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Computer Design... printing plots?

Discussion in 'Lighting and Electrics' started by gafftaper, Mar 16, 2007.

  1. gafftaper

    gafftaper Senior Team Senior Team Fight Leukemia

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    I'm always been a drafting table and paper guy... or napkin and pencil... but with the new theater next year I'm finally going to have the chance to go computerized with both my light and set designs. I've got a lot to learn in the next year or so about this software.
    Anyway, this got me wondering how do you print out a full size plot? I took a look at larger format printers and they are really expensive. Can you save your plot to something universal like a PDF and then take it to Kinkos and have them print it on a large paper?
     
  2. soundlight

    soundlight Well-Known Member

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    IMO, a large format printer should be standard in a college theater facility.

    If your plots fit on a 24" wide by whatever sheet, you could easily go with the HP DesignJet 130nr with a built in roll-feeder and cutter, you'd be fine for up to 24" wide. It also has the Mixed-Ink (light cyan and light magenta as a complement to the standard CMYB). We have one of the DesignJets here, and it's absolutely awesome. It works much more often than the plotter, and is consistent in its printing, and doesn't need the print head cleaning that the 10 year old plotter does because it's so much newer.

    For 36" printing, the price jumps significantly, and you go to something like this.

    For 42" printing, you go to something like this. I'm almost positive that this is the one that the TD here has in his office. Very nice plotter.

    Funny, that. Getting a 42 inch model and printing on 36 inch paper from it would be cheaper.

    Make dead sure that if you get a printer, it can speak Adobe PostScript 3. This is vital to being able to print many plots and any adobe files.

    Also, with a plotter, your students could design on the computer as well, as that is how many professionals do it these days. (Notice that I didn't say most, I couldn't find the recent poll numbers of old geezer lighting designers. No offense to them!)

    But, if you really aren't gonna buy, check out the art department if your college has visual art as a major. They will probably have something like the DesignJet over there (our DesignJet is actually an art department discard because they couldn't get it to work, but we could, so it's ours now!).
     
    Last edited: Mar 16, 2007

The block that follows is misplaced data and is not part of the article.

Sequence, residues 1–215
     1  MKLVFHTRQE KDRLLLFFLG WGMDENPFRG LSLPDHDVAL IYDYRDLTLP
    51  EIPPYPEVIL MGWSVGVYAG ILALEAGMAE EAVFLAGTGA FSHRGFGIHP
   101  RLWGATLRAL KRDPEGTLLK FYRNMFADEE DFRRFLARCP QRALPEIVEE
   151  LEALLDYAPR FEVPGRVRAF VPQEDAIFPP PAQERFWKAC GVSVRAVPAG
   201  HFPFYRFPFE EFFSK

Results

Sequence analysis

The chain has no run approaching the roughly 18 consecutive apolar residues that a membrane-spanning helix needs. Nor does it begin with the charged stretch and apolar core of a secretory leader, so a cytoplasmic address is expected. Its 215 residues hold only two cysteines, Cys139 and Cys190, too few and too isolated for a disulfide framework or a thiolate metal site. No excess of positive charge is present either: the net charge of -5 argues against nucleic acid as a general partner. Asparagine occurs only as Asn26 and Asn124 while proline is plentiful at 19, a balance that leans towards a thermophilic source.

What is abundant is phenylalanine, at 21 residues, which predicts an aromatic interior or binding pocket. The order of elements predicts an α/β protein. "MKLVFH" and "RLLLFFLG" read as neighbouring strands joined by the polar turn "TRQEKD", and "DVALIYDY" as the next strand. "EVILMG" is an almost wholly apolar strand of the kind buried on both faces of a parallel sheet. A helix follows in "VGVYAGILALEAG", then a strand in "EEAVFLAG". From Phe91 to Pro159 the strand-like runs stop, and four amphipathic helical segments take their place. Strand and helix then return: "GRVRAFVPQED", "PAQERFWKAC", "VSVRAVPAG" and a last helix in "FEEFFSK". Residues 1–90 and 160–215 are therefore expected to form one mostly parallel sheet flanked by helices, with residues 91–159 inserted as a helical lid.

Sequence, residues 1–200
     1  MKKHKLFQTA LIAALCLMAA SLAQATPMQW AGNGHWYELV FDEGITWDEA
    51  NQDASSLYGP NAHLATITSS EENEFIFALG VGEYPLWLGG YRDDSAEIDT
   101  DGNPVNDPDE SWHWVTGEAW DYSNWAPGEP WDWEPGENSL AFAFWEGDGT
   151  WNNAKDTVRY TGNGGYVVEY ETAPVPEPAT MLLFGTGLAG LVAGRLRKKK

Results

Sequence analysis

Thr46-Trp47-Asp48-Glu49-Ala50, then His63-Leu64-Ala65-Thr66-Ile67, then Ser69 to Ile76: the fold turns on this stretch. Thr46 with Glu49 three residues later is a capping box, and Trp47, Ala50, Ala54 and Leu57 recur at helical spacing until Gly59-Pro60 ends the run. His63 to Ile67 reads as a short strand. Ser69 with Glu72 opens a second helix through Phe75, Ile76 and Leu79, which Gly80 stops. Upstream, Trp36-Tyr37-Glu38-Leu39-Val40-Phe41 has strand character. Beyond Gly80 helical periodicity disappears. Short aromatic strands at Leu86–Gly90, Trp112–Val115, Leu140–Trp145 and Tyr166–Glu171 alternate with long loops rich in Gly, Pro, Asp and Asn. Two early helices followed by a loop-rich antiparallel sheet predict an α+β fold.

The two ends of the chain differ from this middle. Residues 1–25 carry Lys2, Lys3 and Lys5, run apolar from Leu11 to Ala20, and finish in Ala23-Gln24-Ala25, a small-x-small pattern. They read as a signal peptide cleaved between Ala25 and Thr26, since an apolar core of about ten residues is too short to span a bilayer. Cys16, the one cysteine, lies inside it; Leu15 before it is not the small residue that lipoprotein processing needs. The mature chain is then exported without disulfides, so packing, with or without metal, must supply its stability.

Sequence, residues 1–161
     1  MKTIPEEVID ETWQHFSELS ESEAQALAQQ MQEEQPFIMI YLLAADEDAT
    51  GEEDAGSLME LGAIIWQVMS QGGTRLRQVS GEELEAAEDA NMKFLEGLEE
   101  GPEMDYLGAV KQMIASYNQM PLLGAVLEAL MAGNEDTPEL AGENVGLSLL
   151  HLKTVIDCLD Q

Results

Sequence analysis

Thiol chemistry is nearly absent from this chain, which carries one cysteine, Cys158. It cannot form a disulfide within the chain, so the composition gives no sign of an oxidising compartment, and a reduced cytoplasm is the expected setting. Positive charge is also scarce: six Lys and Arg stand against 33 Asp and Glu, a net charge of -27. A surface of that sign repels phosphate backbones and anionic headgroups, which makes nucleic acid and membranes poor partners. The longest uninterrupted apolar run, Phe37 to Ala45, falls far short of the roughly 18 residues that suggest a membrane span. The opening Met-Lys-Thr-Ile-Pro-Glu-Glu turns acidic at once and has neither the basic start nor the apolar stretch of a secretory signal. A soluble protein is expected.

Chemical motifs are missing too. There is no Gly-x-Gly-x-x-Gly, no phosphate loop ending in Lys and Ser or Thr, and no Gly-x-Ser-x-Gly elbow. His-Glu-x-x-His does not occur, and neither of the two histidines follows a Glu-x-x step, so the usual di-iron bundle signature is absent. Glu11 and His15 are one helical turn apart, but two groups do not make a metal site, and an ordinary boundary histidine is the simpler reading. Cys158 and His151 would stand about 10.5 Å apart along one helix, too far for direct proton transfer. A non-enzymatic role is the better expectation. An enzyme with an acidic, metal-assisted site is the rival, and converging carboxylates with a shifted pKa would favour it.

3. zac850

    zac850 Well-Known Member

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    Or just give kinkos a call and see what file-types they can read/print.

    I assume you could just export your CAD file as a PDF and they could print it out.
     
  4. jwl868

    jwl868 Active Member

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    Or see if another department at your college has a plotter you can use.

    Joe
     
  5. stantonsound

    stantonsound Active Member

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    How about design programs, what is everyone using to design the shows?
     
  6. zac850

    zac850 Well-Known Member

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    Do a search for AutoCAD and Vectorworks, you will find around 100 threads full of opinions.
     
  7. gafftaper

    gafftaper Senior Team Senior Team Fight Leukemia

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    Yeah, didn't ask that question because it's been well covered in other threads. I'm getting a copy of WYSIWYG included with my lighting system and probably going to purchase Vectorworks. I've been playing with the free version of Sketchup and really love it as my drawing ability stopped developing in 1st grade, so I'm probably going to purchase the full version of that too.
     
  8. Van

    Van CBMod CB Mods Premium Member

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    I've got a cast off designjet 650. A freind at the Portland Opera Association got them to give it to me. It's ancient and monochrome but it's does the GP's and workingdrawings just fine. As far as printing at Kinkos The last time I used them to print a GP < before I got my plotter> they wanted everything in AI < adobe illustrator> < wierd!> There are a lot better options for getting plots Etc. printed. Kinkos and Office depot are great for Office types but you should look into a company like Ford Graphics. They are a proffessional "blue printing" company, although I don't think they actually do blue prints anymore. and can handle any job. I believe they have an outlet in Seatle.